• Buy an out-of-stock item and have it delivered to their home.
  • Return a product to store they purchased online.
  • Check the availability of an item at a specific store.
  • Buy online and pick up in a store.

Smart, data-driven decisions

By running all parts of the business -- distribution centers, eCommerce sites, back office and physical stores -- on a single platform, everyone can work with the same data. It is easier to track key performance indicators (KPIs), analyze the effectiveness and make decisions based on actual data. With a clear and unified view, retailers can identify new revenue streams and potential growth opportunities and improve customer satisfaction.

Optimized efficiency

All the systems need to work without a hitch. When retailers use different software to manage sales, inventory, purchase orders, etc., integration becomes a problem. Having accurate inventory counts across all channels gives you the ability to have a higher sell-through and fulfill orders in a smarter more optimized way. Every time the systems need upgrading, integration begins again. Quite often this is lengthy and costly. But once a unified system is in place, integrating updates and maintaining systems takes a lot less time and money. Additionally, only one vendor is needed to manage the whole process.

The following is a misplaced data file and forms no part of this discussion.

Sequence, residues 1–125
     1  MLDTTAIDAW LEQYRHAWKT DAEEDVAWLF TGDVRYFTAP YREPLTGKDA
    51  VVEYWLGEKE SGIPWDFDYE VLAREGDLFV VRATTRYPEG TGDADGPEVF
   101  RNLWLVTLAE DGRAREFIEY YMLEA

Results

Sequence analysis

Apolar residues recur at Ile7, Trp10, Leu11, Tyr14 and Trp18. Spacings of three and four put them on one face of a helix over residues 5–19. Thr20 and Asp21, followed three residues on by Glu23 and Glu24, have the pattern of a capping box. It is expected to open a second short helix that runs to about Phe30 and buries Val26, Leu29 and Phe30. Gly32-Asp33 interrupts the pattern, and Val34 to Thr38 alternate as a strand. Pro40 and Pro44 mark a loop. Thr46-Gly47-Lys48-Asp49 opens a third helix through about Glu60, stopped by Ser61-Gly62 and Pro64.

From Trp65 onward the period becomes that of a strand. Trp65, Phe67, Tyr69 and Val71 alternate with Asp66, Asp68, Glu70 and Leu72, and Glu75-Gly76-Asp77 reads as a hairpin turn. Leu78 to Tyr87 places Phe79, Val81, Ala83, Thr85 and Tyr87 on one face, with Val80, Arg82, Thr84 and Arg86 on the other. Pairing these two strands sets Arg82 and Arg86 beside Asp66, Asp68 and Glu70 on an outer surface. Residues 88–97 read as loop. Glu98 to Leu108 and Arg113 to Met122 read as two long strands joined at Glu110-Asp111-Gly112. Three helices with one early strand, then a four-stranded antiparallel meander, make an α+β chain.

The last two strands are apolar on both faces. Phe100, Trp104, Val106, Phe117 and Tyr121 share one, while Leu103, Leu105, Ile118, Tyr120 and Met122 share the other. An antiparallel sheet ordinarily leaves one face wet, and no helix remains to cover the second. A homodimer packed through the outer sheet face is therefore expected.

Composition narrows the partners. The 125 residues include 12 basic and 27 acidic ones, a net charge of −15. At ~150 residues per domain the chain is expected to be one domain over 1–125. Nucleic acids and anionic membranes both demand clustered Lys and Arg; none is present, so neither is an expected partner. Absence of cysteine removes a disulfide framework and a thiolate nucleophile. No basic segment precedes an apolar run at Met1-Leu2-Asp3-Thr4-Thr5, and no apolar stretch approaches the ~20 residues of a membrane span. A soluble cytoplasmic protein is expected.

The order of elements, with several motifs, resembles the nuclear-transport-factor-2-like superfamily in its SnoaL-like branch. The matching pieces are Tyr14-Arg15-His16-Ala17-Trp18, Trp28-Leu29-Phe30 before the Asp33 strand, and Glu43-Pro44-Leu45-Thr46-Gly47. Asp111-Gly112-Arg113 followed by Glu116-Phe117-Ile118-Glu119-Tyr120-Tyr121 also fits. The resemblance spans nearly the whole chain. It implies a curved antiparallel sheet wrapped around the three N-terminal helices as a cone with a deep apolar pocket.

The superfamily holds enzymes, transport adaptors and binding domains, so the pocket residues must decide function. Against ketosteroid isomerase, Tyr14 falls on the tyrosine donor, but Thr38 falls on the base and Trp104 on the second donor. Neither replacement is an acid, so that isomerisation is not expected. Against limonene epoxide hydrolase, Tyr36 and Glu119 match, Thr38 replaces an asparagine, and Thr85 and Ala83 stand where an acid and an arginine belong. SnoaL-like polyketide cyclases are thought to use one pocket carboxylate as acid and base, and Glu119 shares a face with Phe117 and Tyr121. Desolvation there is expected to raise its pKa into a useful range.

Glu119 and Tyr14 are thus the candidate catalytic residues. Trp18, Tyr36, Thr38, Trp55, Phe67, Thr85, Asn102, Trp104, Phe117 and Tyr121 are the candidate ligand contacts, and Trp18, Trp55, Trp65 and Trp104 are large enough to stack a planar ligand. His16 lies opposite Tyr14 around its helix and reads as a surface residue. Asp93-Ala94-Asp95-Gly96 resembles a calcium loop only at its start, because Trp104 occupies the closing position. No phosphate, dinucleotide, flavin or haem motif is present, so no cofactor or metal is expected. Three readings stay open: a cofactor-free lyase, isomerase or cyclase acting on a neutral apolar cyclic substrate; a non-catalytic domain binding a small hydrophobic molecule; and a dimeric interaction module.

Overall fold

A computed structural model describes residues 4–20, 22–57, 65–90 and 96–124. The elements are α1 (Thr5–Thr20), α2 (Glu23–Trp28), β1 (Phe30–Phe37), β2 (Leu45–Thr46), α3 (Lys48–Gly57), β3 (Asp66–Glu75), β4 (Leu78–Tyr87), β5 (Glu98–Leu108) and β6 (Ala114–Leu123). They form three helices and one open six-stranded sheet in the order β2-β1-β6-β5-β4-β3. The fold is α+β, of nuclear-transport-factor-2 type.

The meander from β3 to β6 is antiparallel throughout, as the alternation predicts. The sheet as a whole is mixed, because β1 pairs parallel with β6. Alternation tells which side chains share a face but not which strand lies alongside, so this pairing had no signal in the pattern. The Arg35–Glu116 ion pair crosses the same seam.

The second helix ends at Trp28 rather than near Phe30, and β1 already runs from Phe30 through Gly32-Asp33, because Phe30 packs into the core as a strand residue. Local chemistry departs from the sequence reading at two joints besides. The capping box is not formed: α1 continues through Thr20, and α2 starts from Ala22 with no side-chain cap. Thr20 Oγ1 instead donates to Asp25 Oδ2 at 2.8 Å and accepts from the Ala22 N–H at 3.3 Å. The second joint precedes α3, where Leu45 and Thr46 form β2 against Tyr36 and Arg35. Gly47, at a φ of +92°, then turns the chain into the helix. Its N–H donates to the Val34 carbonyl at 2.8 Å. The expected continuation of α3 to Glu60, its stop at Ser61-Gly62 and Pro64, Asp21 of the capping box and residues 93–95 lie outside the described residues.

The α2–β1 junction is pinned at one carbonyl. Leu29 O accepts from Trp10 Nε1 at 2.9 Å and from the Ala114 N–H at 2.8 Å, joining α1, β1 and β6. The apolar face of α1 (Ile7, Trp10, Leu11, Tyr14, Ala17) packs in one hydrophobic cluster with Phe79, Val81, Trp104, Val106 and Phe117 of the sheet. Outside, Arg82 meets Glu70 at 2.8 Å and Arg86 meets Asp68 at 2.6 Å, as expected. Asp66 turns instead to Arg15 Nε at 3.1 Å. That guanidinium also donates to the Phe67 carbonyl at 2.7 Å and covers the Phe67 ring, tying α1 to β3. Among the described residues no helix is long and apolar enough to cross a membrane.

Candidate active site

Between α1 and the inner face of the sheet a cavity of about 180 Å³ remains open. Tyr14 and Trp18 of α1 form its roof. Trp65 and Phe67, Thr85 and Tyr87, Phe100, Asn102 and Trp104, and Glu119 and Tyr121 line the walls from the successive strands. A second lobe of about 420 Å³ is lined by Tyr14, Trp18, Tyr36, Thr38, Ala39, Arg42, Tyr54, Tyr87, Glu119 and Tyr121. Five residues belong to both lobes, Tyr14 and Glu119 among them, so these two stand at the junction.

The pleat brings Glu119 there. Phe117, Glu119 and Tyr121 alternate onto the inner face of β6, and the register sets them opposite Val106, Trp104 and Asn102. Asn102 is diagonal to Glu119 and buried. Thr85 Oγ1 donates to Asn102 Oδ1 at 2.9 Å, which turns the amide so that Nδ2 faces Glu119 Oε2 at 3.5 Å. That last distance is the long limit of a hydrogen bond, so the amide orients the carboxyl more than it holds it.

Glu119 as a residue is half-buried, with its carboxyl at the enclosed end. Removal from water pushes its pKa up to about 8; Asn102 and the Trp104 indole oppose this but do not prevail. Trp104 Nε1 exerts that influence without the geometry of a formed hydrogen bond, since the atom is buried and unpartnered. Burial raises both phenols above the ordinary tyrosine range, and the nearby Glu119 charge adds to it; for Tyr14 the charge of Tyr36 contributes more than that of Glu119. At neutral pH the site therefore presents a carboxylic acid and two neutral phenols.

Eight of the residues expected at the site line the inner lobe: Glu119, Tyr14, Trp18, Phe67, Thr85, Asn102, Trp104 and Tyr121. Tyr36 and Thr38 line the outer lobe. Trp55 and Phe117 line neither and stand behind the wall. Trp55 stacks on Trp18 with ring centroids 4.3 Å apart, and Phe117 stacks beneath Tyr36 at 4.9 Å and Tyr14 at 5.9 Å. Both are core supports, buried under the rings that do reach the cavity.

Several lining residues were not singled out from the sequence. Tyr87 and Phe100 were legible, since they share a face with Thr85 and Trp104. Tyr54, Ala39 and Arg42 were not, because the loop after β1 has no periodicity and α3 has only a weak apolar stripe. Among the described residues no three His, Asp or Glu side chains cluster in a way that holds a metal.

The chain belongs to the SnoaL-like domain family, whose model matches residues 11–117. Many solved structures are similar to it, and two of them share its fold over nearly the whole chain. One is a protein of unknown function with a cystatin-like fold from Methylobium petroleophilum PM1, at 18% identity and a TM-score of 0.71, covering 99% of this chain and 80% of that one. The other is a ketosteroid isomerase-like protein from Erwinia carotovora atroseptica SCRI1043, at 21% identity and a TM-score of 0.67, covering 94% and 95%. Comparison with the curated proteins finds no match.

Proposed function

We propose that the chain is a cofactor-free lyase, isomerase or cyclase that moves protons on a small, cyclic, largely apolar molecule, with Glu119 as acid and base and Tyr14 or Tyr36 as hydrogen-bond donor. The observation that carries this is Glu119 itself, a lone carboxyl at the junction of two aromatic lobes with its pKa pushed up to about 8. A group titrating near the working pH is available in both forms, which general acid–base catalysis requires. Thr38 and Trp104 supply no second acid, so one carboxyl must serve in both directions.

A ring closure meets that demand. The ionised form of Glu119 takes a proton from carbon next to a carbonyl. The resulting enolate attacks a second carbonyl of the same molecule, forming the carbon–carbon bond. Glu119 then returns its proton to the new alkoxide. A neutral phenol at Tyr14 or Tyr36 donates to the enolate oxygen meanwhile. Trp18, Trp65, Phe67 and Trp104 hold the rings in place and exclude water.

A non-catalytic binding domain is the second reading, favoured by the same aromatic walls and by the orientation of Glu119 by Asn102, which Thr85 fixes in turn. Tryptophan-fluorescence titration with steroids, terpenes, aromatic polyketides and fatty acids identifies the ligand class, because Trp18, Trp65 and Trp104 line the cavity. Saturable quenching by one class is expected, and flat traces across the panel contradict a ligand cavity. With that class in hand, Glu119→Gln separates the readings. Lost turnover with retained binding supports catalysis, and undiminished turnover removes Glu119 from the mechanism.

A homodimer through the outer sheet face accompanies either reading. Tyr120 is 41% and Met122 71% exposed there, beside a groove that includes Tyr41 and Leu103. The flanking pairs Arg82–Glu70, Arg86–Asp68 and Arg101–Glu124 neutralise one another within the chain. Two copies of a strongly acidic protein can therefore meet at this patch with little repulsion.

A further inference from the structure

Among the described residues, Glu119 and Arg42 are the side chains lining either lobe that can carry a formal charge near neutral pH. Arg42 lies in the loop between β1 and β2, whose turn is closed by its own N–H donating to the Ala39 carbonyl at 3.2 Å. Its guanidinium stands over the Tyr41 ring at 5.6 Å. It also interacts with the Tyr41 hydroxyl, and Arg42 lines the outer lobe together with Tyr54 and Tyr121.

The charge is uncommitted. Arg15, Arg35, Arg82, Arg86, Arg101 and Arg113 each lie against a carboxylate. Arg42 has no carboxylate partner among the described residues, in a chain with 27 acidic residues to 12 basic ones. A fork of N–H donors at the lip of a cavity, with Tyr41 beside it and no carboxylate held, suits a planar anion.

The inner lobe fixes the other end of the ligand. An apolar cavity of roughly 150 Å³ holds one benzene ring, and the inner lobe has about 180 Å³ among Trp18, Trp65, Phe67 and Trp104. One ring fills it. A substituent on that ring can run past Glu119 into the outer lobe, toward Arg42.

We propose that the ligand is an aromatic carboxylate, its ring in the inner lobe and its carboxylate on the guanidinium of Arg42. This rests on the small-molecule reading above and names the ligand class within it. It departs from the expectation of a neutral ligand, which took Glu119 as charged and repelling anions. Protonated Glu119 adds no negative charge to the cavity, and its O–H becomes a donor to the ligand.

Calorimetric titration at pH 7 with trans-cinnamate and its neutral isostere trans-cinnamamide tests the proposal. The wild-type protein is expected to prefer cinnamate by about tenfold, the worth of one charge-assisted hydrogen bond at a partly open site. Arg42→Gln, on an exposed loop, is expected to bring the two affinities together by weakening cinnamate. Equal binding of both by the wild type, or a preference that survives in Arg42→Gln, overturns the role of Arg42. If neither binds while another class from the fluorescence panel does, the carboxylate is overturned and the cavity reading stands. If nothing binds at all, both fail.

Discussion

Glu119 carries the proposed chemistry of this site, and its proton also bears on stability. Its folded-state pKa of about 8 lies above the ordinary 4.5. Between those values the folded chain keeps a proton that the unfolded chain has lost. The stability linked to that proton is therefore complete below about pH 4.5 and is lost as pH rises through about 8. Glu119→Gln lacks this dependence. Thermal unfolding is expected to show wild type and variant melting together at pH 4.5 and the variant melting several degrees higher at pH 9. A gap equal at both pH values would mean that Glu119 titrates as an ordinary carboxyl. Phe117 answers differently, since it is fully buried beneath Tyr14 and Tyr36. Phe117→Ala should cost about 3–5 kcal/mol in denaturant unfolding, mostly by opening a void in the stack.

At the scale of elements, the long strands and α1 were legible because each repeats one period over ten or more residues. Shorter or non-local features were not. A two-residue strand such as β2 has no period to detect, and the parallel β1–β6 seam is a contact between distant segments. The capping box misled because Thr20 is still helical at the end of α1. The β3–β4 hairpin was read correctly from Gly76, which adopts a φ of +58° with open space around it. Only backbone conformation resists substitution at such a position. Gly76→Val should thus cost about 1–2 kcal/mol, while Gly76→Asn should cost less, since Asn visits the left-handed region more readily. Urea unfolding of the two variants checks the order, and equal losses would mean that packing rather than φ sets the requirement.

Unified commerce provides a fantastic way to streamline global growth and serve your customers better. So how do you accomplish this? 

Consider running an audit of your business's existing platforms and processes to identify the number of systems that are currently outdated or siloed. To accelerate your approach, consider choosing the right partner to provide expert strategy and guidance. With the right foundation, achieving your business goals can be surprisingly simple.

Let's talk about your unique objectives.